American Nurses Association President Leads Briefing on Continuing Threat from Sharp Object Injuries

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On 10th Anniversary of Needlestick Safety legislation, ANA says more still needs to be done

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ANA conducted a survey in 2008 that found that 64 percent of nurses reported being accidentally stuck by a needle at work. Even though much progress has been made, too many health care professionals are still at risk of a needlestick injury

Ten years ago, Congress passed the Needlestick Safety and Prevention Act, legislation aimed at protecting nurses and other health care professionals from being injured by needles and other sharp objects that can carry bloodborne infections. A November 4th briefing hosted by the American Nurses Association (ANA) examined the efficacy of that legislation and what more needs to be done to safeguard the lives and health of the nation’s nurses and health care workers.

“ANA conducted a survey in 2008 that found that 64 percent of nurses reported being accidentally stuck by a needle at work. Even though much progress has been made, too many health care professionals are still at risk of a needlestick injury,” stated Karen Daley, president of ANA. “A decade ago, ANA was instrumental in driving reform on needlestick safety, and on the 10th anniversary of the Needlestick Safety and Prevention Act, we are renewing our commitment to save lives through safe needles.”

The briefing formally introduced Karen Daley, PhD, MPH, RN, FAAN, the new president of the ANA, who played a critical role in the Act’s passage. Twelve years ago, Daley was working in a hospital emergency department and was accidentally stuck by a used needle. Consequently, she was infected with both the hepatitis C and HIV viruses. Since then, she has been one of the nation’s most vocal advocates for improvements in the safety of health care work environments.

Daley, along with ANA CEO Marla Weston, PhD, RN, led a discussion with panelists about changes that are still needed to prevent injuries. For example, nurses in some workplace settings lack access to safety devices and some employers fail to include frontline nurses in device selection (as required). In addition, better reporting and tracking of injuries and stepped up enforcement by the Occupational Safety and Health Administration would help target efforts for needed improvements. Panelists also stressed the importance of making sure workers report their injuries and that timely post-exposure prophylaxis takes place.

“Nurses do not believe their work environment is as safe as it should be,” said Daley. “There are a number of steps that employers can take to make the workplace safer, and we encourage nurses and employers to work together to instill a culture of safety that emphasizes prevention of injuries as a priority.”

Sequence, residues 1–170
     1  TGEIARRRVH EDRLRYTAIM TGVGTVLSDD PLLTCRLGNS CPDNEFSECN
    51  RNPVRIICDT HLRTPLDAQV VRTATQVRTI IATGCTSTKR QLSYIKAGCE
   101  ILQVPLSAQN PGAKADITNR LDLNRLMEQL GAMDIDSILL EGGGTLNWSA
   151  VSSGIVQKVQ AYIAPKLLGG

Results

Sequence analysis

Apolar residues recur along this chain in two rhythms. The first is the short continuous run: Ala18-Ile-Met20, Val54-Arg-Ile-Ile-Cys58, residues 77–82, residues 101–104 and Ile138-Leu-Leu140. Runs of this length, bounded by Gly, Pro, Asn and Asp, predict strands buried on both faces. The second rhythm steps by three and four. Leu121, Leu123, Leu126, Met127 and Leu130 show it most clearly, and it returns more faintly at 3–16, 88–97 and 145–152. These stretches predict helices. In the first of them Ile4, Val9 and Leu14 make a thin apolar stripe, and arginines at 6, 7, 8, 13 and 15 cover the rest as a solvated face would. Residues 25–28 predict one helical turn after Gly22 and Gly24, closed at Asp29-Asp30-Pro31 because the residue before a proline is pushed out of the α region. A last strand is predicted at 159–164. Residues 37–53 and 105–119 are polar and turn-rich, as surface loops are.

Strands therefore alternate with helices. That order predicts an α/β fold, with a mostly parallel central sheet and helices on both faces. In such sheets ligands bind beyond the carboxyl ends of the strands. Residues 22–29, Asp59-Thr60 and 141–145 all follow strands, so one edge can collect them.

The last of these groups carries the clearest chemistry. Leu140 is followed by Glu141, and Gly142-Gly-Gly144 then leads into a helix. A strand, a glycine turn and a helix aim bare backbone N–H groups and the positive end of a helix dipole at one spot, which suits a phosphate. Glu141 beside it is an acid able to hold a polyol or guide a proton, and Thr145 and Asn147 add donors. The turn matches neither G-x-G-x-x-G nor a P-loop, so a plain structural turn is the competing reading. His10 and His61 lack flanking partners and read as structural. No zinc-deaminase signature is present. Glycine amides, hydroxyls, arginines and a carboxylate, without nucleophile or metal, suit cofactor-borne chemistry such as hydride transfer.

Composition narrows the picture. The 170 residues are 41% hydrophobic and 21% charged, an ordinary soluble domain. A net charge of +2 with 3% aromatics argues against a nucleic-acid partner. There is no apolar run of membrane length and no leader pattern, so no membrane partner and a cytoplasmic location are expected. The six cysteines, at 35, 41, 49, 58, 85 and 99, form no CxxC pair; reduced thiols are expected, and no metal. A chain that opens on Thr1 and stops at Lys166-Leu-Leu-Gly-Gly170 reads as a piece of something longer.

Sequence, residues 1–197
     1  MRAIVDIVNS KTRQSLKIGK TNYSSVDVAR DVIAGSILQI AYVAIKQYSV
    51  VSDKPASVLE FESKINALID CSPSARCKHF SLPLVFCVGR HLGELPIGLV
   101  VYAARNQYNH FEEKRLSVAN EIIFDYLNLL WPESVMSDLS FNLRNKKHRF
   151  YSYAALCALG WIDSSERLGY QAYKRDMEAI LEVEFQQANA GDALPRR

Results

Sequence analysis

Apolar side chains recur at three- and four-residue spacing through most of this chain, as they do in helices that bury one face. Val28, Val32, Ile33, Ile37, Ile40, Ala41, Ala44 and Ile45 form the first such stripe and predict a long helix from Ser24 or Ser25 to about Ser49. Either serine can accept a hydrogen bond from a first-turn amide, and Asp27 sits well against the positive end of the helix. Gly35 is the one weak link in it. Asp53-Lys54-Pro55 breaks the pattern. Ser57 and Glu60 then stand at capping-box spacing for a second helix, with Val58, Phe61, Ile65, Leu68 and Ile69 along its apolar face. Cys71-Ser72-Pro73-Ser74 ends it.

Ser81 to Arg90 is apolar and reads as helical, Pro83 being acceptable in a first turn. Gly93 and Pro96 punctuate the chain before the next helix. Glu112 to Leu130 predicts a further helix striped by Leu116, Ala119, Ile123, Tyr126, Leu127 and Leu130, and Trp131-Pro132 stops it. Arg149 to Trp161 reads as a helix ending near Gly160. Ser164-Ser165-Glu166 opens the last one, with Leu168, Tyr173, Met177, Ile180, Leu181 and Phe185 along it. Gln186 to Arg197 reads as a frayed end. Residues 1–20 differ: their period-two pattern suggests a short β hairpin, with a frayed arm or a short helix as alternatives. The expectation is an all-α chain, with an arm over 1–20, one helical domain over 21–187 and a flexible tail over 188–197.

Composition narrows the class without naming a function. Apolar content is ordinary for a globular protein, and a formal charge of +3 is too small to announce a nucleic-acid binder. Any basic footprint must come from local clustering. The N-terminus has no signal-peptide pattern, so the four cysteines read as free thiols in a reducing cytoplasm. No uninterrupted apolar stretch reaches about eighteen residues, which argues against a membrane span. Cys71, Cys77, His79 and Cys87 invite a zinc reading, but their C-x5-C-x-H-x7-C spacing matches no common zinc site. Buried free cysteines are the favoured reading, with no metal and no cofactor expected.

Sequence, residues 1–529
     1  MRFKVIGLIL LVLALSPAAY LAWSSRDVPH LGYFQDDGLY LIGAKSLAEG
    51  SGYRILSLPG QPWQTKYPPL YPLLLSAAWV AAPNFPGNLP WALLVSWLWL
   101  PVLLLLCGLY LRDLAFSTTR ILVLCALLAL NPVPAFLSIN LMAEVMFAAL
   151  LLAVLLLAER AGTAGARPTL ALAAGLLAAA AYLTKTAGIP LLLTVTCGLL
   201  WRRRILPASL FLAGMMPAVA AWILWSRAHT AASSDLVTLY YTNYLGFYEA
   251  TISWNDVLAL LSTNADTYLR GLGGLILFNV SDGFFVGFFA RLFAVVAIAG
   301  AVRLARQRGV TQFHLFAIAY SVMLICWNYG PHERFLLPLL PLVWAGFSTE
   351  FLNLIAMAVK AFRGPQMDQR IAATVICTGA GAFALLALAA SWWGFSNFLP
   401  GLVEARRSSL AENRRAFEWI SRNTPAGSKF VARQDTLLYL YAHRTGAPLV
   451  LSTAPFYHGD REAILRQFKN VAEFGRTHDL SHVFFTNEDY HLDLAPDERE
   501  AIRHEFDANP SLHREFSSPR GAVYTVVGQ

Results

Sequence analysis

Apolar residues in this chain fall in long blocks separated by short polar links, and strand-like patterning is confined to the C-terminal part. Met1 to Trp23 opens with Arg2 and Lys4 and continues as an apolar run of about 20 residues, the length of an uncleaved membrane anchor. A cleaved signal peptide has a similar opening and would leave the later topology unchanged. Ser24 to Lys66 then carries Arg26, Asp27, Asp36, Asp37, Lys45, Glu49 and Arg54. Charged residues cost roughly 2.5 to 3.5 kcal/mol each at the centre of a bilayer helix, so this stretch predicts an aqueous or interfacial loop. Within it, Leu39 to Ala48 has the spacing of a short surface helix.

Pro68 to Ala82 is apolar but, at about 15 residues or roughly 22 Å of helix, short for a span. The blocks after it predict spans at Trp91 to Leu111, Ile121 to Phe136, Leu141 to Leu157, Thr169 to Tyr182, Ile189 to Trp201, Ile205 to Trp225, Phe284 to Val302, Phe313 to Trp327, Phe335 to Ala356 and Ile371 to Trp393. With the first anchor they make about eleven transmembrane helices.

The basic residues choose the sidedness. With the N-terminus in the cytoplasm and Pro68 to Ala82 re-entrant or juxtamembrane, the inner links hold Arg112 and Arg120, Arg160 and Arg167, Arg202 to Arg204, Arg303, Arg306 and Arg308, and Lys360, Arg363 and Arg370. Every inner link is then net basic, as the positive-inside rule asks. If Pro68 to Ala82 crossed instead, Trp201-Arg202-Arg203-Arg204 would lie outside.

To mark the 10th anniversary of the enactment of the law, ANA re-launched its Safe Needles Save Lives campaign to educate nurses about the law and what they can do to prevent needlesticks and other sharps injuries. A number of materials are available at http://www.needlestick.org.

Other panelists included: Jordan Barab, Deputy Assistant Secretary of Labor for Occupational Safety and Health; Mary Ogg, MSN, RN, CNOR, PeriOperative Nursing Specialist, Association of PeriOperative Registered Nurses; AnnMarie Papa, DNP, RN, CEN, NE-BC, FAEN, President-Elect, Emergency Nurses Association; Annie Lewis O’Connor, NP, MPH, PhD, former Emergency Department Nurse; Susan A. Dolan, MS, RN, CIC, Chair, Public Policy Committee, Association for Professionals in Infection Control and Epidemiology, Inc.; Angela Laramie, MPH, Project Coordinator, Massachusetts Sharps Injury Surveillance Program, Massachusetts Department of Public Health; and Marla J. Weston, PhD, RN, Chief Executive Officer, American Nurses Association who moderated the session.

The American Nurses Association (ANA) is the only full-service professional organization representing the interests of the nation's 3.1 million registered nurses through its constituent member nurses associations, its organizational affiliates, and its workforce advocacy affiliate, the Center for American Nurses. The ANA advances the nursing profession by fostering high standards of nursing practice, promoting the rights of nurses in the workplace, projecting a positive and realistic view of nursing, and by lobbying the Congress and regulatory agencies on health care issues affecting nurses and the public.

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Mary McNamara
American Nurses Association
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